New Delhi: India’s dwindling water resources spell opportunity for purification companies as people living in homes seek to monitor consumption and recycle what they use.
Even as groundwater levels decline and governments implement stricter policies on the efficient use of what’s available, such businesses are looking beyond the industrial segment, which is estimated at $700 million (Rs3,234 crore).
Software company Wipro Ltd, which launched its venture in the business in 2008, completed its first residential waste water recycling project in Bangalore earlier this month. The Sushruta Vishranthi Dhama, a retirement complex, has 250 residences and is the first such undertaking by the company outside its campus.
“It’s still niche, but in less than five years, we expect water treatment facilities at townships and condominiums to grow 15% annually, on par with the market for industrial water treatment,” said Hariprasad Hegde, vice-president and business head, Wipro Water.
The company is in talks with “a dozen other residential townships” for water treatment projects, Hegde said, without giving details.
Typically, water purification companies in India have concentrated on only refining potable water, or increasing its purity levels for industrial applications. The focus now, say companies, is to get houses to reuse water in toilets, for washing and for gardening.
Photo: Ramesh Pathania/Mint
“These three activities are 85% of the water consumed by a household, and now when governments are passing new guidelines limiting the water available to SEZs (special economic zones), malls and townships aren’t far behind,” said Sudeep Nadkarnee, sales and marketing manager with Aquanomics Systems Ltd, a Pune-based water purification systems company. “That’s the next big boom.”
An industry report pegs the present residential water treatment market at $100 million.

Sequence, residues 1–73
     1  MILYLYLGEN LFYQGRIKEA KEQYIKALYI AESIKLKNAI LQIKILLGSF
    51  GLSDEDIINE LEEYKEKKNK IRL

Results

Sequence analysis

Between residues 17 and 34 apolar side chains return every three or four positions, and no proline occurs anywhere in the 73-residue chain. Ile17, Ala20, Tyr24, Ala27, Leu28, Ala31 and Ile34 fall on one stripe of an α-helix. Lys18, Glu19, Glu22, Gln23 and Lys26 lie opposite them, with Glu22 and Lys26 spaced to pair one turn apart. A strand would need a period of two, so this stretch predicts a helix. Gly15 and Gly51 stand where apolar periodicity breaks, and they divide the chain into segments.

India’s water woes are set to escalate. A 2007 report by the government, called the Trombay Symposium on Desalination and Water Reuse, which formed the basis of a Supreme Court directive to increase efficiency, said that water resource management “is going to be the most serious problem that the country will be facing in the 21st century”.
According to a Planning Commission report, India’s annual rainfall is 4,000 trillion litres, of which only 1,869 trillion litres is usable. Of this, less than 1,123 million litres is actually put to use and the rest is wasted.
Groundwater, which accounts for 433 million litres, contributes 70-80% of that used in farms, around four-fifths of the supply in rural areas and around 50% of that used in urban areas and by industry in India.
Climate change, the Trombay report says, already accounts for a 20% increase in water scarcity, with the remaining 80% being due to population increase and economic development leading to water pollution.
Demand for fresh water by the industrial sector rose from 3% of availability in 1990 to 4% in 2000 and will be up to 11.5% in 2025. Irrigation demand is projected to decline from 84% in 2000 to 73% in 2025, the report adds.
Meanwhile, contamination in rivers and lakes and inefficient treatment plants prevent surface water in rivers such as the Ganga and Yamuna from being effectively utilized.
Complementary to the water purification business are companies such as Germany-based Techem Energy Services Gmbh, one of the largest metering companies in the world.
Florian Angerer, who heads the firm’s India operations, said metering India’s booming, unchecked residential water consumption is a potential moneymaker.
Techem, which monitors water consumption using radio frequency identification technologies, currently charges €20-30 (Rs1,260-1,890) per month per house in European countries for their services, and is confident that Indian consumers will pay similar rates.
“Our experience in 20 countries has shown that metering water consumption reduces citizen’s water bills by 30%. So when water is eventually scarce, consumers will definitely pay,” Angerer said.
He added that Pune would be among the first cities to avail of their technology though he didn’t announce specific tie-ups with residential complexes, or expected annual revenues.
The market would be confined to a niche unless strong laws limit water supply to households, said S. Sudeep, who heads Norit India, a subsidiary of the Norit Group, a water purification company.
“We need much greater levels of awareness,” he said. “Currently only those complexes that have over 150 houses may consider it viable. The investments are too high.”
Hegde estimates that a complex with 100 households consumes 50,000 litres per day, requiring a Rs20 lakh investment, which when compared with tanker supply and maintenance would pay for itself in less than two years.